Ok, how about this for an idea.  We take it in turns to post a favourite (British spelling) comic cover every day.  This went really well on the comic fan website that I used to frequent.  What we tried to do was find a theme or subject and follow that, until we all got bored with that theme.  I'd like to propose a theme of letters of the alphabet. So, for the remainder of October (only 5 days) and all of November, we post comic cover pictures associated with the letter "A".  Then in December, we post covers pertaining to the letter "B".  The association to the letter can be as tenuous as you want it to be. For example I could post a cover from "Adventure Comics" or "Amazing Spider Man".  However Spider Man covers can also be posted when we're on the letter "S".  Adventure Comic covers could also be posted when we're on the letter "L" if they depict the Legion of Super Heroes.  So, no real hard, fast rules - in fact the cleverer the interpretation of the letter, the better, as far as I'm concerned.

And it's not written in stone that we have to post a cover every day. There may be some days when no cover gets posted. There's nothing wrong with this, it just demonstrates that we all have lives to lead.

If everyone's in agreement I'd like to kick this off with one of my favourite Action Comic covers, from January 1967. Curt Swan really excelled himself here.

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I read Nexus more-or-less from the beginning, but somewhat after-the-fact. I started with the Capital color series, then picked up the three b&w issues as soon as I found them. This is the issue that was new on the stands when I read the first 18.

The first appearance of the Trickster, unnamed on the cover. James Jesse was inspired to become a criminal because his name was a flipped version of Jesse James. He also happened to be an inventive genius. In the original Flash TV show* he was portrayed as insane and a knockoff of the Joker. He was played by Mark Hamill, who had voiced the Joker in Batman The Animated Series.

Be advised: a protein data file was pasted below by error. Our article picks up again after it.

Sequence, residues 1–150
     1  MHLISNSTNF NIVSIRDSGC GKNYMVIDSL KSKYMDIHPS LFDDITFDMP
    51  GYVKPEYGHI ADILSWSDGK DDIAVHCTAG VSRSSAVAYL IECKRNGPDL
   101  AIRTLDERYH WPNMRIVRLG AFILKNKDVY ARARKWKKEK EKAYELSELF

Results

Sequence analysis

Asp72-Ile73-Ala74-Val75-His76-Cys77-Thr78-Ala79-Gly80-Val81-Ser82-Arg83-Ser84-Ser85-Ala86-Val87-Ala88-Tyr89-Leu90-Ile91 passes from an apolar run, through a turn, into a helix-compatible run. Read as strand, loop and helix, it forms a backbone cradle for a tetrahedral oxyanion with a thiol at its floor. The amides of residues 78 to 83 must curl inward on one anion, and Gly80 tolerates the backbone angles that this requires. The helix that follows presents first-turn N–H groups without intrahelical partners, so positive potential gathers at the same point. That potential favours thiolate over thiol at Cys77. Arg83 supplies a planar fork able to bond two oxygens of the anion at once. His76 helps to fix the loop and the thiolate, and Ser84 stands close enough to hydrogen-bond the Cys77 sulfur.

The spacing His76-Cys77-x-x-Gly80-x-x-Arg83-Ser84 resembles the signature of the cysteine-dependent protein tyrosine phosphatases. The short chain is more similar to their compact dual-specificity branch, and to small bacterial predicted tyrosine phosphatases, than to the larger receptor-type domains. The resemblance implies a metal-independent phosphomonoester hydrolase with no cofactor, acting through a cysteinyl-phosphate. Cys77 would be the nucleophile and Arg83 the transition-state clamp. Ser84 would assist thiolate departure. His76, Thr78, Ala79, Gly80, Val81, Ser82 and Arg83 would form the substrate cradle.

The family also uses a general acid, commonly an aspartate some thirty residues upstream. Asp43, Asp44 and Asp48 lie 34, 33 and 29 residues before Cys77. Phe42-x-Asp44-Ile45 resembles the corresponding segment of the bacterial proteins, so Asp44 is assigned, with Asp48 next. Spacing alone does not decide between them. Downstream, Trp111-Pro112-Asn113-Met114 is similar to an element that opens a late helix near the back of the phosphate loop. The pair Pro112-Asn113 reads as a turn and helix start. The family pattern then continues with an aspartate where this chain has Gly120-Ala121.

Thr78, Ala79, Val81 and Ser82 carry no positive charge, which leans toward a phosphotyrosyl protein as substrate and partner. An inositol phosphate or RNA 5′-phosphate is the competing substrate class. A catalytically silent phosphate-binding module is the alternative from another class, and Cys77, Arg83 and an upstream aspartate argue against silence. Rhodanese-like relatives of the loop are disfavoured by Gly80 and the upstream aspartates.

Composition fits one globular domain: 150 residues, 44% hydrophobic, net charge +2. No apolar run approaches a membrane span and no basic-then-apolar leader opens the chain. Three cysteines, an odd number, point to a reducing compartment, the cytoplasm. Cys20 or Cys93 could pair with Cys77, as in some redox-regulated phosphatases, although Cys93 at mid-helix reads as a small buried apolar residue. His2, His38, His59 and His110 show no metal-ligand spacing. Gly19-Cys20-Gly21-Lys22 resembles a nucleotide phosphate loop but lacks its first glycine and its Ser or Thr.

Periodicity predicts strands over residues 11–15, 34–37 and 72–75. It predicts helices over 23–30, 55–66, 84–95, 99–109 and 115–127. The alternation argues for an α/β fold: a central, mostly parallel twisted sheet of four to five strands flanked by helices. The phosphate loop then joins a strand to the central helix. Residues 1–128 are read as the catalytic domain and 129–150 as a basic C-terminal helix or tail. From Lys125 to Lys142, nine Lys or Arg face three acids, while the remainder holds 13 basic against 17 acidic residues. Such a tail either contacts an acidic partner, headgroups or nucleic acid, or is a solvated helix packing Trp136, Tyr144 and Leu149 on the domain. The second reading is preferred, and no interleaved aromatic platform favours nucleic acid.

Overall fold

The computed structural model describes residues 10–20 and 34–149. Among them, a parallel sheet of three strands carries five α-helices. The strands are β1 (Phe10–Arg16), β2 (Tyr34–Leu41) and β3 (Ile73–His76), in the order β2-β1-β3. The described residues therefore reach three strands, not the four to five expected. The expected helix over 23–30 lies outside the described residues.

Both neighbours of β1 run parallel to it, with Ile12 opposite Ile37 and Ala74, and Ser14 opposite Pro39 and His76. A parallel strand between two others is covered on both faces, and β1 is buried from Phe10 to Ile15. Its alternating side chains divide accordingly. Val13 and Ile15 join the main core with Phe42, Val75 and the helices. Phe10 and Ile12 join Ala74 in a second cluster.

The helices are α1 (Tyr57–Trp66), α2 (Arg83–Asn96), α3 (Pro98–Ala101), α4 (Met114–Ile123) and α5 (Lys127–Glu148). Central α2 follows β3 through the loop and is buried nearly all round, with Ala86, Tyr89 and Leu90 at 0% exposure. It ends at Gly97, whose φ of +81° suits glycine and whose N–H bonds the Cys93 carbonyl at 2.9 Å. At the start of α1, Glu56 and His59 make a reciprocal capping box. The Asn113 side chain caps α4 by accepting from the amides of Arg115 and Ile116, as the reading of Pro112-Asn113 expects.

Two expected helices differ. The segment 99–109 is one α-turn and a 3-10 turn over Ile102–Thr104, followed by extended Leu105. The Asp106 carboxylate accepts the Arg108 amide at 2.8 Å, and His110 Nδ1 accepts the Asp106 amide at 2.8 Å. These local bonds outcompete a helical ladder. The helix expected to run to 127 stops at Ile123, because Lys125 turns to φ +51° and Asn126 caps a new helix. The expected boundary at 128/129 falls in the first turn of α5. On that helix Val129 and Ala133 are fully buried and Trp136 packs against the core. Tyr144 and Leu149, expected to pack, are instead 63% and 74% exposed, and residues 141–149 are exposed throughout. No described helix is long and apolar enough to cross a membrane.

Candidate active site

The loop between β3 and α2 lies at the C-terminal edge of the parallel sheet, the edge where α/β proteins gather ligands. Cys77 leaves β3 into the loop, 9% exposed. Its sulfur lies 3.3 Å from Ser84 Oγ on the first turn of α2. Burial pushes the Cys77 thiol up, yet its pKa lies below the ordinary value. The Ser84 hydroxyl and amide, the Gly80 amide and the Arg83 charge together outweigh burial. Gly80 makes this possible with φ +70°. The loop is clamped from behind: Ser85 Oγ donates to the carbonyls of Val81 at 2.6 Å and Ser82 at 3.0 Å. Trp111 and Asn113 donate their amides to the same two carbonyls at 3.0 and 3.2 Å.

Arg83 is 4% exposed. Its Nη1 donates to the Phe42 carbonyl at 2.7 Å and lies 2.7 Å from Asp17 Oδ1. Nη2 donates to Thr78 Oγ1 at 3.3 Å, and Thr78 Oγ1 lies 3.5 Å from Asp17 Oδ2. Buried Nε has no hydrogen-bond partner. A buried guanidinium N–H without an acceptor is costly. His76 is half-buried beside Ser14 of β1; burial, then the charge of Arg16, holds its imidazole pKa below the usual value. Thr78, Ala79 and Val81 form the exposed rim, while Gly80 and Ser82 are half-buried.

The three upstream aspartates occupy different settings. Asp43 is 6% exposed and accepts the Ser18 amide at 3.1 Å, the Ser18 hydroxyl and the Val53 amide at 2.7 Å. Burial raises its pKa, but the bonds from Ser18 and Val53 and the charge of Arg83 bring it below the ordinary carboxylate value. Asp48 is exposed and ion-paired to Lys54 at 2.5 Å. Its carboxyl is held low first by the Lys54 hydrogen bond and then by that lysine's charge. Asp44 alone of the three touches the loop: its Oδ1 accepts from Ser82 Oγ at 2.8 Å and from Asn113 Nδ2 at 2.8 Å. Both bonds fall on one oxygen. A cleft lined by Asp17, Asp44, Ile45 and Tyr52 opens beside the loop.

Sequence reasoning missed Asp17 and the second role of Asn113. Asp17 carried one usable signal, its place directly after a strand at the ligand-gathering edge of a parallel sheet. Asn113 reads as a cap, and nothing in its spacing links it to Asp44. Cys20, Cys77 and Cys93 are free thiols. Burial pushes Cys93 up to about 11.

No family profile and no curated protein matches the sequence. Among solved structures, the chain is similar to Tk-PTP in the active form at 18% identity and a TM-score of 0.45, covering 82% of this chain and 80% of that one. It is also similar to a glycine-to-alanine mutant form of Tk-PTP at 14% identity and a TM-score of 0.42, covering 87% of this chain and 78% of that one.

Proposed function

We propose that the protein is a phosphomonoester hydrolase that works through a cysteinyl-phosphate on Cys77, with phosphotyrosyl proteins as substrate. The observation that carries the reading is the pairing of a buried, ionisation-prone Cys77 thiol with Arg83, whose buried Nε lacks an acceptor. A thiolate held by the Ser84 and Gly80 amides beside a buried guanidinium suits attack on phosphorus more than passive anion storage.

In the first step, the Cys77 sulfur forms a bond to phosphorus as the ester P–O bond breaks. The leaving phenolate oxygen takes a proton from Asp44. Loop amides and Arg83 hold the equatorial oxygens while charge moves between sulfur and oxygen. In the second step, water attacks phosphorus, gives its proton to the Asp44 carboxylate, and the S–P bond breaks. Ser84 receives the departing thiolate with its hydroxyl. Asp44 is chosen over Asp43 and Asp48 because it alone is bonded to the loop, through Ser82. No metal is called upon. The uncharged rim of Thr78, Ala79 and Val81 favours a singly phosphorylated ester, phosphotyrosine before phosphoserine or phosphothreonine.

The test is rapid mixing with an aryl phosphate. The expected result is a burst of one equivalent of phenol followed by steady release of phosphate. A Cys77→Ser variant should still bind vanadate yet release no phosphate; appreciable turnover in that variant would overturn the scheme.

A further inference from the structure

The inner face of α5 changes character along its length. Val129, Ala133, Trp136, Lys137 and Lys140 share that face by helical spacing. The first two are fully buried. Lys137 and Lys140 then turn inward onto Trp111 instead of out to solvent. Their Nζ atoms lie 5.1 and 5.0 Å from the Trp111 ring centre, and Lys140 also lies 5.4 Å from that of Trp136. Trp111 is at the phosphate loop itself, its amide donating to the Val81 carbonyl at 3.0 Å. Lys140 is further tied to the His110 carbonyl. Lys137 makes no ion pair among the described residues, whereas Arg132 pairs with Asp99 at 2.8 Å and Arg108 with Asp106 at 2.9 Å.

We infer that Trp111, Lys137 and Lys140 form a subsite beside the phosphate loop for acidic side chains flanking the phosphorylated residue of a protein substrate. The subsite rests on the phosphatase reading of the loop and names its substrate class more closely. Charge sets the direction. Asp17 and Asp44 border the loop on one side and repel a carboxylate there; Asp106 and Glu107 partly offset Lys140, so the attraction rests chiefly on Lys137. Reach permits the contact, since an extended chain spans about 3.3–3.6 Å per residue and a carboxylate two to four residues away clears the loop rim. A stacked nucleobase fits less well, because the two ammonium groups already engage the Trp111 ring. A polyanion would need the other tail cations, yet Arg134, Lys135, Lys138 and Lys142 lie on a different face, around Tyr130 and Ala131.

* I didn't get to see the series ending "Trial of the Trickster" for many years because the station had an oh-so-important news bulletin about some forgettable thing. 

Steve W said:

Peter, I had that 'Composite Superman' down as one of my favourites, so your tastes definitely coincide with mine.

Thank you, Steve, I always knew that you were a gentleman of rare taste and distinction!

Jim Shooter's two-parter in Adventure #346 & #347 (written when he was 14 years old!) introduced four new Legionnaires, and made me an instant fan.  The next few issues were also great, but the series really went into overdrive with another two-parter in #352 and #353, in which Shooter introduced five new villains, and killed a Legionnaire.  To my mind, one of the very best super-hero tales ever told.

Frank Miller has been underrepresented here. 

A couple of Superman comics I remember from ads. I wanted to know what was going on.  I don’t think I ever had them as a kid.

Why would it mean the end of his career?


He turned into a dragon and it's still important to note that the dragon is wearing a cape?

Dave Palmer said:

JD posted my "9-11" tribute cover, so I'll post this one:

"That Old Piece of Cloth" by Frank Miller (September 11, 2006)

I remember this description of firefighters from 9/11:  “They rush in, while others rush out.”

My favorite of Steranko's Captain America covers.

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